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This is just some of my current observations and if you have different experience or information feel free to jump in.

Ever since I got my new Comp cam I have been wondering about the specs on it. Its a symetrical grind with [email protected] and .560 lift. Most of the small block Ford cams I have seen are split duration cams with a little more duration and lift on the exhaust side. The general explanation for this has been that the heads don't flow as well on the exhaust as they do on the intake so the split duration cam helps make up the difference.

My earlier post regarding head flow and the optimum 80% ratio seems to bear this out when you are dealing with the stock heads and even most of the aftermarket heads. Of all the heads I listed, only the Windsor Jr's and Performer RPM heads hit the magical 80% flow ratio out of the box. Most of the other heads could be brought up to that ratio(or close to it) with some extra exhaust porting work.

I went back and did some research on stock engines and saw every combination of cams including intake biased grinds, symetricals and exhaust biased grinds on different engines. I found out that the A and C code 289's both had cams that favored the intake side. The 271 horse 289 however had a symetrical cam grind. An extensive tuning project for the K code in my engine book recommended going .002 tighter on the intake lash which would give it a little bit more intake lift. The big block motors(428, 429) tended to have asymetrical cams favoring the exhaust side. The 390 had a symetrical grind. This didn't seem right with what I thought I understood so I had to be missing something there.

My Performer RPM cam was a split duration cam with more on the exhaust side and I was running ported stock 302 heads. However, the new Comp solid cam that was recommended for my current setup is a symetrical grind that has the same duration and lift on both sides. I happen to be running Windsor Jr heads which flow out of the box right at 80% but something was still missing and it finally hit me. Flow is not just in the heads, DUH! Flow involves the whole system including the intake, carb, heads and exhaust. Consequently, you can't just pick your cam based on the head flow numbers. You have to look at the rest of the package that you intend to run.

And in conclusion ladies and gentlemen(LOL), to know what sort of cam you need you have to have a really good idea of how the whole system will flow. If you run a dual plane and a small venturi carb you might actually need an intake biased cam like the A and C code 289's used. If you have a lot of intake and good flowing exhaust but you are running stock heads or aftermarkets that are smallish on the exhaust side then you probably will need an exhaust biased cam. If you have ported heads or aftermarkets that flow at the magical 80% optimum and your intake and exhaust are well matched then you probably need a symetrical cam. If you are running a boosted application(blower, turbo or NOS) you will most definitely want an asymetrical cam with more duration and lift on the exhaust side.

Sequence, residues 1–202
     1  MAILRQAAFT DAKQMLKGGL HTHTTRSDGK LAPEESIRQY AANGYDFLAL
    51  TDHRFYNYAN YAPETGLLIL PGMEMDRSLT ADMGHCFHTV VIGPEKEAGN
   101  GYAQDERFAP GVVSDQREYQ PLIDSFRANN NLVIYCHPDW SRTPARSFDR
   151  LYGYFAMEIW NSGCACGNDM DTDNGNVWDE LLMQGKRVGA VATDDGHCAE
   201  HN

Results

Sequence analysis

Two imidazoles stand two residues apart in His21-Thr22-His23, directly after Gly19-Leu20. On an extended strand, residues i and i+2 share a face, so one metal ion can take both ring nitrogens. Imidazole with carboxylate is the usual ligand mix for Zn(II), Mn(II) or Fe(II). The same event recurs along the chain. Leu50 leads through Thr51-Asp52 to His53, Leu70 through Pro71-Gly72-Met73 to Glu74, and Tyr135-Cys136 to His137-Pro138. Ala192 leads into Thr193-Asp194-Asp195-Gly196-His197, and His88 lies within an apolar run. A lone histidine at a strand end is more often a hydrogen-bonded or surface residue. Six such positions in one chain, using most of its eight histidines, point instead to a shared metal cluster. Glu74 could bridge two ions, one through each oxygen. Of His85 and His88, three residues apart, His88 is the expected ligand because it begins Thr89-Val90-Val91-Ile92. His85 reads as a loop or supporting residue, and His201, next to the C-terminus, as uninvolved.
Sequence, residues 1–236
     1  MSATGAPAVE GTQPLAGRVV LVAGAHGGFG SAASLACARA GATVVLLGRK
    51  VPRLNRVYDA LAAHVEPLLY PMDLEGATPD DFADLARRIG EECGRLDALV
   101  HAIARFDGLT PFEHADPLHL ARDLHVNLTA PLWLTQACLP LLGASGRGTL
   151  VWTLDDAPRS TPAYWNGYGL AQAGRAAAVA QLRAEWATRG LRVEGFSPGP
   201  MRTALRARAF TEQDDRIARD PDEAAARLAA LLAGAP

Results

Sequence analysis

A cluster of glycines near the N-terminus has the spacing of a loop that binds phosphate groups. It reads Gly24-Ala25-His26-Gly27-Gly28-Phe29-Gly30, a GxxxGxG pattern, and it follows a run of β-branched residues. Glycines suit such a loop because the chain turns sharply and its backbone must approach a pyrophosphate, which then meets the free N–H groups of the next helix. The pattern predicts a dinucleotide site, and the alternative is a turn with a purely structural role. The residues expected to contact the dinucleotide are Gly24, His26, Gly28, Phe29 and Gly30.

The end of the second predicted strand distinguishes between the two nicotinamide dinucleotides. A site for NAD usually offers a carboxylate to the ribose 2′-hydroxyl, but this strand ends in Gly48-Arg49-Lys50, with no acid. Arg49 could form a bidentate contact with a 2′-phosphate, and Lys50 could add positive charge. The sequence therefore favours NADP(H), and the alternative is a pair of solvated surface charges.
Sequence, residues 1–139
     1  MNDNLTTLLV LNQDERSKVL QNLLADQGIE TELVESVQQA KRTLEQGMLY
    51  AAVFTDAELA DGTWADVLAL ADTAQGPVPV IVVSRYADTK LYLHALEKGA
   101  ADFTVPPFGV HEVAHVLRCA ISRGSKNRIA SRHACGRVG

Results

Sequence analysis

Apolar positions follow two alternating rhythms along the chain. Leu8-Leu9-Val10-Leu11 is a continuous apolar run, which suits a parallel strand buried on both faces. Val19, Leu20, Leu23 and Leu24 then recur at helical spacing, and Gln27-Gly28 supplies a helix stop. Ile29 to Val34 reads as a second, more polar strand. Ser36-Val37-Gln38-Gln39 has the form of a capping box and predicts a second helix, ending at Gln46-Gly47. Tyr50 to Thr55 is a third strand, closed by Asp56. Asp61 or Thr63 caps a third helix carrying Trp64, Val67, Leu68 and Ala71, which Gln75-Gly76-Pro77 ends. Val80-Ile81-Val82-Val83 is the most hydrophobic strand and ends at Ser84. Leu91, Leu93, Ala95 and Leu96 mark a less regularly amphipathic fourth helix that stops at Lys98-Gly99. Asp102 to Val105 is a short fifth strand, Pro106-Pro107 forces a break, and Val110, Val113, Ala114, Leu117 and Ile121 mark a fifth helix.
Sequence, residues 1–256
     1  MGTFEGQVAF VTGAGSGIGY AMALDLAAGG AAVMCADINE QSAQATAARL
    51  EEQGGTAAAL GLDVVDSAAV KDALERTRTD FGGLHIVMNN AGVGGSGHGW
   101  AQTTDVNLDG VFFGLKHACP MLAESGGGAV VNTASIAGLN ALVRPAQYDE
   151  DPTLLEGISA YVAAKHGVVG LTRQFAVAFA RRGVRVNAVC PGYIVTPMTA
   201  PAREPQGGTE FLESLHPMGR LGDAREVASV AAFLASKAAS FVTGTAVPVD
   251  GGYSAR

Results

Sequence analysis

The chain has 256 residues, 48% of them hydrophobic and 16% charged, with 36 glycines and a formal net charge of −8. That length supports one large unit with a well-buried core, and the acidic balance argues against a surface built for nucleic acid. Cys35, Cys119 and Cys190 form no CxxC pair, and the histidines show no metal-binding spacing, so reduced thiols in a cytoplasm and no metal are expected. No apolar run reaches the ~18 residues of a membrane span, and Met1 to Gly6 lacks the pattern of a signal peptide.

Going back and applying this to my set up, on my intake side I run a Victor Jr single plane and a 650 double pumper Holley. This part of my setup is good for 7000 rpms so plenty of flow there. My Windsor Jr's flow right at the optimum 80% factor out of the box. I run open headers so I don't think I have to worry about any exhaust bottlenecks, LOL. Based on all this the symetrical grind Comp cam is perfect for my setup. I guess somebody was watching out for me on this one, LOL.





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As you you, Chevies had better exhaust ports in the past. A lot of cam companies simple used lobes designed for them on Fords because they allready had them and didn't want to spend the r&r for the Ford profiles.

I'm suprised that you're using the Jr, heads. World product usually recommend the Jr's for mild 289's & 302's, and recommend the Sr's for most applications.

Now, if you REALLY want to read something that'll change your way of thinking about cylinder heads and flow, and make you wonder about everything you've read in the past, go to www.theoldone.com. Very interesting reading!

Tom
You can do anything you want to......ONCE!
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The degrees of lobe seperation have a lot to do with how an engine performs also.... A camshaft with a 104/106 degree lobe seperation will be "doggy" at a low RPM, but will come on strong at upper RPM's.

Most street cams have a 112/110 degree lobe seperation.

Camshafts with a lobe seperation of 110/112/116 will have a broader power band and have a smoother transition from low-mid-high RPM's, but lack the punch at the high RPM's

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Good points all. Sometimes I have seen posts here where people want a cam reccomendation for their basically stock engine...with the plan that they will change the cam now, and replace the carb, intake, and heads latter. Seems to me this is an impossible task.

BTW Johnny. Your torque convertor seems to work fine based on 30-feet of test driving I did last night backing out of the barn and then pulling back into the barn. Thanks again for helping me out with that!

Phil

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